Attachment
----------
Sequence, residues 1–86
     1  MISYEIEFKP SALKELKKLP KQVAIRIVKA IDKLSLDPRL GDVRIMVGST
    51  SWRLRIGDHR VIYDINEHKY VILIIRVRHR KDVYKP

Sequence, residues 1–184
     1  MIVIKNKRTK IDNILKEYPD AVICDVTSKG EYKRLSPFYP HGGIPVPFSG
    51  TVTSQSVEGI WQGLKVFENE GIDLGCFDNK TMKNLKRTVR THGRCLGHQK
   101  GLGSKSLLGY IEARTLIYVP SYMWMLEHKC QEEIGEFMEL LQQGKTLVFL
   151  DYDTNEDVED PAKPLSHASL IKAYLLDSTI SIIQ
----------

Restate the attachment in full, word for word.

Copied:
Sequence, residues 1–86
     1  MISYEIEFKP SALKELKKLP KQVAIRIVKA IDKLSLDPRL GDVRIMVGST
    51  SWRLRIGDHR VIYDINEHKY VILIIRVRHR KDVYKP

Sequence, residues 1–184
     1  MIVIKNKRTK IDNILKEYPD AVICDVTSKG EYKRLSPFYP HGGIPVPFSG
    51  TVTSQSVEGI WQGLKVFENE GIDLGCFDNK TMKNLKRTVR THGRCLGHQK
   101  GLGSKSLLGY IEARTLIYVP SYMWMLEHKC QEEIGEFMEL LQQGKTLVFL
   151  DYDTNEDVED PAKPLSHASL IKAYLLDSTI SIIQ